The characters were mostly, well, bland. I feel it was partly tied to another problem I’ll mention later, namely that things occur too fast, so we had quite a few characters introduced, but not developed. Some of their actions didn’t make sense either, starting with Princess Eleanor Wolfson whose name undercover gets to be... Ellie Wolf? I’m surprised she wasn’t found out from day one, to be honest. Or the head of the house who catches the girls sneaking out at night and punishes them by offering them a cup of tea (there was no particular reason for her to be lenient towards them at the time, and if that was meant to hint at a further plot point, then we never reached that point in the novel).

(On that subject, I did however like the Ellie/Lottie friendship in general. It started in a rocky way, that at first made me wonder how come they went from antipathy to friendship in five minutes; however, considering the first-impression antipathy was mostly based on misunderstanding and a bit of a housework matter, it’s not like it made for great enmity reasons either, so friendship stemming from the misunderstanding didn’t seem so silly in hindsight. For some reason, too, the girls kind of made me think of ‘Utena’—probably because of the setting, and because Ellie is boyish and sometimes described as a prince rather than a princess.)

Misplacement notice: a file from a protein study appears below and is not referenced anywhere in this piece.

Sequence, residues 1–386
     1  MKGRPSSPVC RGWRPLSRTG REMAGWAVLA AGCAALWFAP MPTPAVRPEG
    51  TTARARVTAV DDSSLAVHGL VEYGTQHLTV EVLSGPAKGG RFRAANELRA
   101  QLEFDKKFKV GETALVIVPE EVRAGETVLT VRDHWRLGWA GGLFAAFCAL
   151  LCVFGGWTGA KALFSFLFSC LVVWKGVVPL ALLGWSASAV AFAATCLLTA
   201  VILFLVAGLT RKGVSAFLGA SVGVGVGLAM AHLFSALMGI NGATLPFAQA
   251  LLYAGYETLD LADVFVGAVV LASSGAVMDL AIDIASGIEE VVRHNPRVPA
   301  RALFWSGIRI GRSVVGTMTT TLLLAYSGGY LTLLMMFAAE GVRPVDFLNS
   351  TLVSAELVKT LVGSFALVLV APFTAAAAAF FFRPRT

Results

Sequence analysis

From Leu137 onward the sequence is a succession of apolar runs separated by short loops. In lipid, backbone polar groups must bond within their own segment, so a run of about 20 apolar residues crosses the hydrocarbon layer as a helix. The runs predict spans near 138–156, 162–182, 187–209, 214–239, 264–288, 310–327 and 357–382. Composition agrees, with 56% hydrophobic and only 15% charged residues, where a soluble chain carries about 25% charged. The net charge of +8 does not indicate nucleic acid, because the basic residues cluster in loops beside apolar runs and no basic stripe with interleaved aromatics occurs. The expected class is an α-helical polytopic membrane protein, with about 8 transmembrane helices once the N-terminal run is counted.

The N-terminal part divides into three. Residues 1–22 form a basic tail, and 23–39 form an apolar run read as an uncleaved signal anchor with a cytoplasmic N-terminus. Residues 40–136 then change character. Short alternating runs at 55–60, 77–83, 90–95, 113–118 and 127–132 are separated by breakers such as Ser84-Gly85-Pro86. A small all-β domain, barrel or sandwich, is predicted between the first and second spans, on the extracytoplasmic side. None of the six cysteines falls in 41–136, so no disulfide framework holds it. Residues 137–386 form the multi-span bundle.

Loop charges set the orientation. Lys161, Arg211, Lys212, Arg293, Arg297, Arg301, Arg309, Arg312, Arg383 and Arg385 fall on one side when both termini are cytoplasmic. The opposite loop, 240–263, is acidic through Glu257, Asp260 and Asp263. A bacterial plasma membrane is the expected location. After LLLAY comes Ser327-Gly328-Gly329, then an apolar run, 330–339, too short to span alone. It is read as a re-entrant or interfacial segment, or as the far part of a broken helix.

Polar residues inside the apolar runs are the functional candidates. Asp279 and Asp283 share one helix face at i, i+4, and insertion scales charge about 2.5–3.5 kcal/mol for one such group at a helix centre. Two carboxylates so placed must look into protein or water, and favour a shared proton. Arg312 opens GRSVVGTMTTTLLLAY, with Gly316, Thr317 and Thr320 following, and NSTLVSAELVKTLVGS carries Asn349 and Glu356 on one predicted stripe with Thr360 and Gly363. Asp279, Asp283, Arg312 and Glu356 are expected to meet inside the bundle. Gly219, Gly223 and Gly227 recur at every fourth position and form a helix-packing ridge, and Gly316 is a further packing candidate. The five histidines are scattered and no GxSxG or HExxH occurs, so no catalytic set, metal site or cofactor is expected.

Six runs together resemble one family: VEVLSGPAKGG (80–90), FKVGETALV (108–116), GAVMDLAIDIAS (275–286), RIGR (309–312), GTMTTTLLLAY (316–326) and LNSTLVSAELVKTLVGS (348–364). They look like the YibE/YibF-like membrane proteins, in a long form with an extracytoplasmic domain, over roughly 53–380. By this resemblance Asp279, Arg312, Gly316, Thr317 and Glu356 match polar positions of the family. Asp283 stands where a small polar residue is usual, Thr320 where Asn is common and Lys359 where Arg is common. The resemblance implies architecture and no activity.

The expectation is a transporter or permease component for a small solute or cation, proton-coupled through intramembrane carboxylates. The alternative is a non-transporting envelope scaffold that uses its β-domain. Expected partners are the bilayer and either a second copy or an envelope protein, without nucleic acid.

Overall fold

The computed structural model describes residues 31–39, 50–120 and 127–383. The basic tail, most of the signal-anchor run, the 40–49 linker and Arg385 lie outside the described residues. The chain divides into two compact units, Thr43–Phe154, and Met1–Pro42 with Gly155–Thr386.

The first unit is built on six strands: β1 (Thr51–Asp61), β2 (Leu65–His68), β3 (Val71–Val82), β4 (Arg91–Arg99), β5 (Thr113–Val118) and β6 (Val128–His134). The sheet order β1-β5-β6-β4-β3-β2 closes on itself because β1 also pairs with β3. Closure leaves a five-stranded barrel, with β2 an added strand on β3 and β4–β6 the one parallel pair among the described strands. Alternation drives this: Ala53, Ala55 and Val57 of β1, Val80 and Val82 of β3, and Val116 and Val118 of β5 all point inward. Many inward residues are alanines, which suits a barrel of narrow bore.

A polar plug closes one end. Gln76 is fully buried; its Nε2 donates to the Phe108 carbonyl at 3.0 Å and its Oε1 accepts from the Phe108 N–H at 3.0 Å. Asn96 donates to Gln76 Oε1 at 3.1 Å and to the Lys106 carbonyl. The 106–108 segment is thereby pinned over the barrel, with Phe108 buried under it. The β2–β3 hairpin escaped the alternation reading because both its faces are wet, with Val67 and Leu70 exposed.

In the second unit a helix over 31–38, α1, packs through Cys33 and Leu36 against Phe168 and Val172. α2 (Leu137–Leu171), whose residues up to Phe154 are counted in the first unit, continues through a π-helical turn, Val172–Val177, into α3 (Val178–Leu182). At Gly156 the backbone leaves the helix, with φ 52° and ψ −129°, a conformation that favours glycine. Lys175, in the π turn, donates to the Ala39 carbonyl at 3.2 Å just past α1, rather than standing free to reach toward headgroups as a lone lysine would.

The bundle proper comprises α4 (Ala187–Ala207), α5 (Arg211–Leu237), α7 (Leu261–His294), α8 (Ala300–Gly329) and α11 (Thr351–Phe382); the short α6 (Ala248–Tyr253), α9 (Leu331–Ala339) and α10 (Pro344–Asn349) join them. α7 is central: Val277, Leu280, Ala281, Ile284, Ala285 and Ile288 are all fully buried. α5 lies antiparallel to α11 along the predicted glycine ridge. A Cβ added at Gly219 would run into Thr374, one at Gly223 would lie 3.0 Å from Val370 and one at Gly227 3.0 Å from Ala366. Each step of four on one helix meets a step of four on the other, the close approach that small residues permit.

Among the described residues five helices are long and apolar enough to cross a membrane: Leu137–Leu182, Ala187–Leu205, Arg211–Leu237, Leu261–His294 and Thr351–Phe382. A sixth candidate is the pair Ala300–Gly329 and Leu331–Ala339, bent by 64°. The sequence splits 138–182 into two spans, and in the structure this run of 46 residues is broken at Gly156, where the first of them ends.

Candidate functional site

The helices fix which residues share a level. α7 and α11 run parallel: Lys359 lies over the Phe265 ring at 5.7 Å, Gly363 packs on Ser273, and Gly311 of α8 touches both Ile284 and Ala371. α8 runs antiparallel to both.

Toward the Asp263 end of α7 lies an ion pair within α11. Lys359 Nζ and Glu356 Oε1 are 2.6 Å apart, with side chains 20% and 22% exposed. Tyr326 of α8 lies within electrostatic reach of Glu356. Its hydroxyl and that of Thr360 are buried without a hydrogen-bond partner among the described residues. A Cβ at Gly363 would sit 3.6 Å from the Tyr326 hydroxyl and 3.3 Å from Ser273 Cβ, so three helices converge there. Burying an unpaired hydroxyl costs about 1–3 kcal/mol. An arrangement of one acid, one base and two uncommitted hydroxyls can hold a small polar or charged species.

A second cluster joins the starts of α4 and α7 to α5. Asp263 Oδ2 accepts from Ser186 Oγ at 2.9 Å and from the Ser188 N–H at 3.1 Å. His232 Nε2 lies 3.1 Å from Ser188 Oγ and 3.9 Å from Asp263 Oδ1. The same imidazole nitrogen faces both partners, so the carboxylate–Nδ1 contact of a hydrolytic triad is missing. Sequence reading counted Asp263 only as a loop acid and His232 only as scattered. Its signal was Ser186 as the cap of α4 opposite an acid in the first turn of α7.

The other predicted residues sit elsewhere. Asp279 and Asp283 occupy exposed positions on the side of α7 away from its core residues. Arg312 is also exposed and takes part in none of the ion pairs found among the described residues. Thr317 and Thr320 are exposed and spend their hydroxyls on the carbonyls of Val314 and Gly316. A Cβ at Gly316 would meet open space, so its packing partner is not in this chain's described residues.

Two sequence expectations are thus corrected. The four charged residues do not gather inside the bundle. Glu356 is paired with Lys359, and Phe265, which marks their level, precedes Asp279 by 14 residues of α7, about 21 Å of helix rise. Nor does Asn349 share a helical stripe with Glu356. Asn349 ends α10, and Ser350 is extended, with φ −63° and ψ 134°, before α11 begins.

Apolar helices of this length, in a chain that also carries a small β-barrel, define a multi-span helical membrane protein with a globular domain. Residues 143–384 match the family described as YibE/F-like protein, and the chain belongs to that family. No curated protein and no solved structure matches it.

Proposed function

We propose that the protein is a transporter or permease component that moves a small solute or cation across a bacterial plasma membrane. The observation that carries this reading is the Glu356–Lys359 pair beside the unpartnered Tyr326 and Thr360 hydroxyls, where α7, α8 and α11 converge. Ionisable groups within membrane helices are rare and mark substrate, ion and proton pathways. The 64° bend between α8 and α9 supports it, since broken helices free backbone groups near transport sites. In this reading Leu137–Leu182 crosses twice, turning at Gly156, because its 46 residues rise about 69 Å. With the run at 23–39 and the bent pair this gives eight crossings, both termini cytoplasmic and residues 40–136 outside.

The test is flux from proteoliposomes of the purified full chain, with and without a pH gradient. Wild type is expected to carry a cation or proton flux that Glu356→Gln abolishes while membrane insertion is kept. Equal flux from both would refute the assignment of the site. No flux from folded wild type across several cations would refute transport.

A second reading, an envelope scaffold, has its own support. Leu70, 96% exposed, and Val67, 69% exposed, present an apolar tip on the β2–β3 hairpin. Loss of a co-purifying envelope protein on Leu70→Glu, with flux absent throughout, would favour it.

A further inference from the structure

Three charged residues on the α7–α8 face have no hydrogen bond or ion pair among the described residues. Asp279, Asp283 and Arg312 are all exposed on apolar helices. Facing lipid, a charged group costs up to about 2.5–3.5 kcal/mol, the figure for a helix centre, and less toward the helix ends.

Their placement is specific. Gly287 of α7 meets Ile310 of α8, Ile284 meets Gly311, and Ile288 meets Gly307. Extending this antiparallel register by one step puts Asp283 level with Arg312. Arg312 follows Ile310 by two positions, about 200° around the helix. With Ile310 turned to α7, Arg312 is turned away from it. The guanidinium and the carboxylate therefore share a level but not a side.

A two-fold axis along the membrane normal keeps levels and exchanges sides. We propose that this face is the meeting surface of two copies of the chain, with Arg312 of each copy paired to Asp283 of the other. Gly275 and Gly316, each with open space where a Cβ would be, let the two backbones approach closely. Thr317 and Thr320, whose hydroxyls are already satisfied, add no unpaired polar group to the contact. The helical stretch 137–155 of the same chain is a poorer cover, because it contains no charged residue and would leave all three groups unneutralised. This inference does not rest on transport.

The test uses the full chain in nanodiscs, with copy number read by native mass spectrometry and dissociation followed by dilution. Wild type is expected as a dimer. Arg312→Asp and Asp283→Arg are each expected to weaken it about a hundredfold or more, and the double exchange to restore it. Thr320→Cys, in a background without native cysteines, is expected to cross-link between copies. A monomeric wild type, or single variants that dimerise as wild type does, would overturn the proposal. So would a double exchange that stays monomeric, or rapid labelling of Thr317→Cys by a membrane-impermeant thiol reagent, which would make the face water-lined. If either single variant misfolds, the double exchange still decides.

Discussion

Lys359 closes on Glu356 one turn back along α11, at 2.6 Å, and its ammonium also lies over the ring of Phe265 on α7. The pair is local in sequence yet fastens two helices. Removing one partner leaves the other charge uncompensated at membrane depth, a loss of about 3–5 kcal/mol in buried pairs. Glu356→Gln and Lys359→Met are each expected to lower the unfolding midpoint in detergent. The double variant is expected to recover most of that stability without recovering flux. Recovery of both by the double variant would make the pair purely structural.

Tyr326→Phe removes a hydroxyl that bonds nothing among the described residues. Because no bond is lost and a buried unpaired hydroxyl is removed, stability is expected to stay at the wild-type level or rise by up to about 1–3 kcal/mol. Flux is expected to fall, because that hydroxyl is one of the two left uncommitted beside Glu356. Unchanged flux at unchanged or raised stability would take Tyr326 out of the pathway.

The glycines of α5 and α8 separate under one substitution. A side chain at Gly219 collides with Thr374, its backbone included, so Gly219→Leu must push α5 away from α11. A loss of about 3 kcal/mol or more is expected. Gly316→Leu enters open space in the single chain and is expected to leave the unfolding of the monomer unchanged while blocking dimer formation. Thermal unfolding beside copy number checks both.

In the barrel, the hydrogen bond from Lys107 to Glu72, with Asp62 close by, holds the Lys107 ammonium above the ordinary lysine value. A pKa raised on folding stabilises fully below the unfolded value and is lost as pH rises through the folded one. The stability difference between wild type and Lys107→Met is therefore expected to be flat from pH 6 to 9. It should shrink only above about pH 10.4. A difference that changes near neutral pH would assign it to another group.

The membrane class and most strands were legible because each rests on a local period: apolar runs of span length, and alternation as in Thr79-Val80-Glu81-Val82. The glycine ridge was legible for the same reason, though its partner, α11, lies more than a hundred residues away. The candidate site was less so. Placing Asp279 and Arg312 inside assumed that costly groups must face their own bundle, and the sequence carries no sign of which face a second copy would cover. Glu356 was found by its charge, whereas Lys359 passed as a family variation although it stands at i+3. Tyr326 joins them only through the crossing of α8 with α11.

The story, in my opinion, suffers from both a case of ‘nothing happens’ and ‘too many things happen’. It played with several different plot directions: boarding school life; undercover princess trying to keep her secret while another girl tries to divert all attention on her as the official princess; prince (and potential romantic interest) showing up; mysterious boy (and potential romantic interest in a totally different way) showing up; the girls who may or may not be romantically involved in the future; trying to find out who’s leaving threatening messages; Binah’s little enigma, and the way it ties into the school’s history, and will that ever play a part or not; Anastacia and the others, and who among them leaked the rumour; going to Maradova; the summer ball; the villains and their motivations. *If* more time had been spent on these subplots, with more character development, I believe the whole result would’ve been more exciting. Yet at the same time all this gets crammed into the novel, there’s no real sense of urgency either, except in the last few chapters. That was a weird dichotomy to contend with.